How To Break Down People's Walls to Resolve Conflict

Michelle Jaqua

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You’ve been overcharged for something and you recently noticed it on your bill. You call the number for customer service and you explain the problem to the person answering the phone.

They pass you to another person and you repeat your story. You get passed along three more times and now your fuming. By the time you get to the person who’s willing to help you, you’re irate.

Your partner comes to you because they’re upset about how you handled a situation and they want to talk to you about it. This is an ongoing problem between the two of you and you immediately become defensive.

You have reasons why you did this, and you start telling them your side of the story.

Before you know it, it’s turned into an argument. You both leave the conversation feeling upset, and no closer to solving the problem.

When conflict is mismanaged, it harms relationships.

There’s so many reasons behind why people don’t resolve conflicts well, but many times, the person chooses not to acknowledge the other’s needs and instead focus on their own needs being met.

“Conflict, when mismanaged, destroys.” -Benjamin Watson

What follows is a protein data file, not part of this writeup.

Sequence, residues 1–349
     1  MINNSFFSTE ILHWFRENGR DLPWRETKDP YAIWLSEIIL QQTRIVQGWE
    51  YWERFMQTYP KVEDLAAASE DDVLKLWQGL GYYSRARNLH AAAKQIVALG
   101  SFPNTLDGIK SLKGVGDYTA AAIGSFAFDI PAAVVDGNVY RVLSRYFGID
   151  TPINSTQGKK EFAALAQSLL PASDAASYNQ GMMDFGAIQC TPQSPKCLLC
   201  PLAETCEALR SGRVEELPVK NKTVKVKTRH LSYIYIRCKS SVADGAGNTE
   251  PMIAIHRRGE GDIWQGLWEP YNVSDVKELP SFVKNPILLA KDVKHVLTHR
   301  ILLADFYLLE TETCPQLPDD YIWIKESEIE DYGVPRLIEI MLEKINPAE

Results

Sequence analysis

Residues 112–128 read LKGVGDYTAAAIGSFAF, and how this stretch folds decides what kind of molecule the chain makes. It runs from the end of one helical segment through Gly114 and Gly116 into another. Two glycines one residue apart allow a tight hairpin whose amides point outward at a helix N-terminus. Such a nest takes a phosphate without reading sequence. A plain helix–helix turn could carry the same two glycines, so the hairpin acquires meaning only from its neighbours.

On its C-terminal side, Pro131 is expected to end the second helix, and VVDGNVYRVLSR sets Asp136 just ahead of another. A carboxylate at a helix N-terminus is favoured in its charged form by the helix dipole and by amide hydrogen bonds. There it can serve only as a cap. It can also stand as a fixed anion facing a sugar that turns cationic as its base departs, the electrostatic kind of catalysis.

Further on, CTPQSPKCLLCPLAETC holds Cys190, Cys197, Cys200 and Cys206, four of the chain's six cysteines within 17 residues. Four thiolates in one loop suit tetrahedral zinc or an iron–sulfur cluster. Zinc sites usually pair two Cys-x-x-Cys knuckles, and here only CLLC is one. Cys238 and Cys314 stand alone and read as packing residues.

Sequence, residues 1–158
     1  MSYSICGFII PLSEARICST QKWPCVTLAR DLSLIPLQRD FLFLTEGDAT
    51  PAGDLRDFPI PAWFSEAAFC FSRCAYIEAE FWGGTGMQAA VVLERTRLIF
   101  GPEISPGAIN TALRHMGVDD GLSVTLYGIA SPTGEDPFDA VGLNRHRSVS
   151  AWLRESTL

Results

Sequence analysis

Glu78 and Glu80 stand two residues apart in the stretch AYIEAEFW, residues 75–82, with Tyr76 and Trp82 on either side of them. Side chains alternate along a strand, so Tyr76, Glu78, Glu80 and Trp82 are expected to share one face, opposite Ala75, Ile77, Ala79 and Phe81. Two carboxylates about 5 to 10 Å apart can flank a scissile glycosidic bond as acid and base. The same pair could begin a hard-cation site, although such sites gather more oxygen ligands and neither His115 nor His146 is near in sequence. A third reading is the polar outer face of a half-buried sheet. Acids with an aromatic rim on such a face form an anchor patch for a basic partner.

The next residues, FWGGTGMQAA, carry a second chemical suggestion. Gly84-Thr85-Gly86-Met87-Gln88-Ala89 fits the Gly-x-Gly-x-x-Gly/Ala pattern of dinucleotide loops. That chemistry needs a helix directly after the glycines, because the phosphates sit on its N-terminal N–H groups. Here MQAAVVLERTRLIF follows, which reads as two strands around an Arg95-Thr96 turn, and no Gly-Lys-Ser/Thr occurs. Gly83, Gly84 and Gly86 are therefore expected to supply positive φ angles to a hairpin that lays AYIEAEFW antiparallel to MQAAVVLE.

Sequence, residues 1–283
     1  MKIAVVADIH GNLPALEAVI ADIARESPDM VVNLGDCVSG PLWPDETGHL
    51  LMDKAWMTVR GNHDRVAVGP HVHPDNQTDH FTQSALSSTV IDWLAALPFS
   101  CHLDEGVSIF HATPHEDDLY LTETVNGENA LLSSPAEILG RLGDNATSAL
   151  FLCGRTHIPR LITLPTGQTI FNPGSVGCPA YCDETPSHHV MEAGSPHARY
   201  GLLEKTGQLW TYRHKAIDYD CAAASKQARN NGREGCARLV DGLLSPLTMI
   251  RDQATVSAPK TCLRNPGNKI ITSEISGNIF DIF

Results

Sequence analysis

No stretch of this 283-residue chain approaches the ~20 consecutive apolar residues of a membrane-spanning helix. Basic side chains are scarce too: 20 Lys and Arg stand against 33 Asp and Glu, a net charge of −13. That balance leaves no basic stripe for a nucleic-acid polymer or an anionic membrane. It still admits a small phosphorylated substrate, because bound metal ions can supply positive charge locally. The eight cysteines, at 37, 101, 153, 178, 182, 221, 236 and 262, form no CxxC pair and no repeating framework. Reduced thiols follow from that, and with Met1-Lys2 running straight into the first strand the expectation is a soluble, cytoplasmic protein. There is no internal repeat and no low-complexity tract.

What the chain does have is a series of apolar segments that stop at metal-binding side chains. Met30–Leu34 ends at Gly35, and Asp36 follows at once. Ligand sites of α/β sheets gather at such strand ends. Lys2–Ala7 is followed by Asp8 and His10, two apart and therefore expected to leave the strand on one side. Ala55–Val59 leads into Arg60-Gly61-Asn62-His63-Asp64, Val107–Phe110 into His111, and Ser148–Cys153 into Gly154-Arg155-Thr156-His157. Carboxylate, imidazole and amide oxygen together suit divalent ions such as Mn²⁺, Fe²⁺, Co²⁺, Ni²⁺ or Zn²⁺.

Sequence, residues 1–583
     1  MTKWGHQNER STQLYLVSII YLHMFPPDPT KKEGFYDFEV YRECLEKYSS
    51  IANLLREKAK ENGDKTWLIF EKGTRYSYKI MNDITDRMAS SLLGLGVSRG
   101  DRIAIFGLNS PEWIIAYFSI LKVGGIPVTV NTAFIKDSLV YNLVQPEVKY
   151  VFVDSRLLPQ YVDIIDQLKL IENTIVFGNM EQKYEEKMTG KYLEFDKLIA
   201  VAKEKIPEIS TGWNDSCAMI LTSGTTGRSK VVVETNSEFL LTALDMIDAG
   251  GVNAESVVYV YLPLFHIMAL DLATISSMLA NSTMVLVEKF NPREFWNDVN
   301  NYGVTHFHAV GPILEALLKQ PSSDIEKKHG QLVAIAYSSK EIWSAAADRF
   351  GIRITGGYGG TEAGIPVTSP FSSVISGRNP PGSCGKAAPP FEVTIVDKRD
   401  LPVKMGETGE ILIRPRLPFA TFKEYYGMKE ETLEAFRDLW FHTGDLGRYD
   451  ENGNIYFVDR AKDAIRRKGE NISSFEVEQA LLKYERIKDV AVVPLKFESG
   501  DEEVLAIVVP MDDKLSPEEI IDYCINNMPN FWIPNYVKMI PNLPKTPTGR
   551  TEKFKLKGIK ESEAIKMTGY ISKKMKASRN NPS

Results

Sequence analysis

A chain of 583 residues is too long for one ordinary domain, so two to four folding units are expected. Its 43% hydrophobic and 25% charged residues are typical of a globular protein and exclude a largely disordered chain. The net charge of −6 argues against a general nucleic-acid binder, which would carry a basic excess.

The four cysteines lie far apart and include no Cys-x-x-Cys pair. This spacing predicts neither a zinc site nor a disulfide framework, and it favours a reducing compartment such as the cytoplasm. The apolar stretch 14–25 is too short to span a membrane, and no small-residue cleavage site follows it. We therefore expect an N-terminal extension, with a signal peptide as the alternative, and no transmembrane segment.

You can break down just about anyone’s barriers and resolve conflict with them if you take the right approach. This can be a random stranger, a customer, or your significant other.

Learning how to resolve conflict in a positive way helps establish trust, and if you’re successful, you’ll strengthen bonds with them and grow your relationship.

A side note: Some people have poor coping skills. They WANT there to be a problem and as soon as you help solve one problem, they come up with another. They will try to scam you, or create problems that aren’t there. They will play games, gaslight you, or in some way will blame you for their problems.

Be aware and recognize these ploys. With any of these situations, you can still move forward in a more positive way and offer assistance to their problem as best as you are able.

Here’s some steps to take when you have a conflict with someone:

Accept the conflict happening in front of you.

When we’re having a hard time communicating with another person, whether it’s our partner, coworker, or family member, we may try to make the problem go away.

Ignoring the conflict or fighting back will not solve the problem. This will only intensify the conflict for the next time around, and then you’ll have a bigger issue to deal with.

“Running away from the problem only increases the distance from the solution.” -Anonymous

When someone has a conflict, they may not initially express it for many reasons. When they finally do address it, it can come out as emotionally charged and unreasonable.